Is Indocyanine Green Angiography Useful for the Diagnosis of Macular Telangiectasia Type 2?
Year of Publication
Niskopoulou, M; Balaskas, K; Leung, I; Sallo, FB; Clemons, TE; Bird, AC; Peto, T; The MacTel Study Group
Br J Ophthalmol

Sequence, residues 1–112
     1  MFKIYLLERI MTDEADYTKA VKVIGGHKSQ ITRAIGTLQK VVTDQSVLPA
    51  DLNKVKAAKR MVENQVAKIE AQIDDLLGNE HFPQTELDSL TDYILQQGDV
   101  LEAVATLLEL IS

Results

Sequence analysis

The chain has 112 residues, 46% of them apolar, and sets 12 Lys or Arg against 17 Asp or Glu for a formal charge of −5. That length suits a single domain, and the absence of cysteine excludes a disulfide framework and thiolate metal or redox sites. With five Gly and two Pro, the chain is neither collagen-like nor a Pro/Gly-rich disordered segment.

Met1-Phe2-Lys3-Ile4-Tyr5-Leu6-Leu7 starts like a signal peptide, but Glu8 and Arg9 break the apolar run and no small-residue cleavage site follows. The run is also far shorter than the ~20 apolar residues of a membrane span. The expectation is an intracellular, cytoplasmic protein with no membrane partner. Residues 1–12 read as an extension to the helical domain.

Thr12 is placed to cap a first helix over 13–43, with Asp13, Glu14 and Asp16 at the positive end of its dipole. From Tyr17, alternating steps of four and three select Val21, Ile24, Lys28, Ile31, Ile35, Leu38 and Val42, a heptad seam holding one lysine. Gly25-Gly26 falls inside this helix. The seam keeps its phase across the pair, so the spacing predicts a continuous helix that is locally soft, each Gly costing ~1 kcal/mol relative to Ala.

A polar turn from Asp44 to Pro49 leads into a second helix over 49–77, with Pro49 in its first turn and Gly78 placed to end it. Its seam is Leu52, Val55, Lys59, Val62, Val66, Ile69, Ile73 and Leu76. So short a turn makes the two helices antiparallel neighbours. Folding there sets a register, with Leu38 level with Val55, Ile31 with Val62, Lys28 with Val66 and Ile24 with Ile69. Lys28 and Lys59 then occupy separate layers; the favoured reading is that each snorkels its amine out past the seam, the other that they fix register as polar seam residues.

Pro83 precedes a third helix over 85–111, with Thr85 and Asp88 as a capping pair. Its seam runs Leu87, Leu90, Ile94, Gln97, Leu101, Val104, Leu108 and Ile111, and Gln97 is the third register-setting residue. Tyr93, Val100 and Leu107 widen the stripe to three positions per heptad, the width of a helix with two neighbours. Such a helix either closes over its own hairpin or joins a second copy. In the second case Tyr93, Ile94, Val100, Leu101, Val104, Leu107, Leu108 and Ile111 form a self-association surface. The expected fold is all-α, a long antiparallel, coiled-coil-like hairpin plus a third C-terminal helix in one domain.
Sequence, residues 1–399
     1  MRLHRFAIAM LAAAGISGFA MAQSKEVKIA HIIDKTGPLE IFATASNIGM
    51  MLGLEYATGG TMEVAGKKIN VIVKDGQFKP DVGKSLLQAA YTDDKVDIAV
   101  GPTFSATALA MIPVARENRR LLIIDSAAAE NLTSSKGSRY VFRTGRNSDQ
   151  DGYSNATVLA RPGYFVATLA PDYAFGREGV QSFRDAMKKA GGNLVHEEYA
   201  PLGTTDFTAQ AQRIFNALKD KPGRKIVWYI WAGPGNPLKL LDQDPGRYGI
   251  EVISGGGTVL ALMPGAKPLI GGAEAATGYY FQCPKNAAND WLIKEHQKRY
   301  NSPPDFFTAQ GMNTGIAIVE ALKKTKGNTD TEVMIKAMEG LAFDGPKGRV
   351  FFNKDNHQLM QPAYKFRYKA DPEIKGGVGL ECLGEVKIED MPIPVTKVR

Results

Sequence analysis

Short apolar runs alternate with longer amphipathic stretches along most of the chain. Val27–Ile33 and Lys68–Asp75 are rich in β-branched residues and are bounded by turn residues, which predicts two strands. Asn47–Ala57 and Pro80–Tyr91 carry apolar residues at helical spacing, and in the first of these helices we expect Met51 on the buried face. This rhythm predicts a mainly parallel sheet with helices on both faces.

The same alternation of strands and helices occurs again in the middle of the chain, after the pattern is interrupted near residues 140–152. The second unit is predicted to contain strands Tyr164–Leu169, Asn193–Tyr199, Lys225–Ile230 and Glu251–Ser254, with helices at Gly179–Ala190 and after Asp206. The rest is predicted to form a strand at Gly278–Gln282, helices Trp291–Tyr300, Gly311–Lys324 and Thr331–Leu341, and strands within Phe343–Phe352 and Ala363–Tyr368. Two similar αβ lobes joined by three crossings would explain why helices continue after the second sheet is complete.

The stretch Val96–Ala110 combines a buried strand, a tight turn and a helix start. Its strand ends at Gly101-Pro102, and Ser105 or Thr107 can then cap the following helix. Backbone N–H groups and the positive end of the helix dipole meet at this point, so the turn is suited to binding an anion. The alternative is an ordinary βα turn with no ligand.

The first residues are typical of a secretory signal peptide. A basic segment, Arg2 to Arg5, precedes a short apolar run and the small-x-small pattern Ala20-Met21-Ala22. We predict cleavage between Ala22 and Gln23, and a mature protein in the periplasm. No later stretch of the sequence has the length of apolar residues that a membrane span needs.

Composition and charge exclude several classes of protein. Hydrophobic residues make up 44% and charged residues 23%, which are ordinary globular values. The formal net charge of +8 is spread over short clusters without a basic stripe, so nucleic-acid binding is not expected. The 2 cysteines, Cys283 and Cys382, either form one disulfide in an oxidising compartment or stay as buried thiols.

Macular telangiectasia (MacTel) type 2 is a bilateral disease of unknown origin exhibiting characteristic changes of the macular deep capillary network and neurosensory retina.1–3 Originally considered a predominantly vascular disorder, the introduction of novel imaging techniques has altered prevailing impressions of its underlying pathophysiology, suggesting a significant role of structural changes to the neurosensory retina. The MacTel study, a major multicenter observational study, attempts to shed light on the natural history of the disease and to identify optimal surrogates of disease progression that could be used as end points in interventional clinical trials. In view of the exploratory nature of the study, various imaging modalities were used at baseline and on annual follow-up visits to investigate their contribution to disease diagnosis and their role in offering clues on disease progression. These modalities included colour fundus imaging (CFI), fundus fluorescein angiography (FFA), autofluorescence imaging (AF), optical coherence tomography (OCT) and indocyanine green angiography (ICGA). All obtained images were sent to the Reading Centre at Moorfields Eye Hospital, UK, where the diagnosis was confirmed. During the MacTel study, it has been established that there are characteristic changes on CFI, AF, FFA and OCT that uniquely identify the disease.4 ,5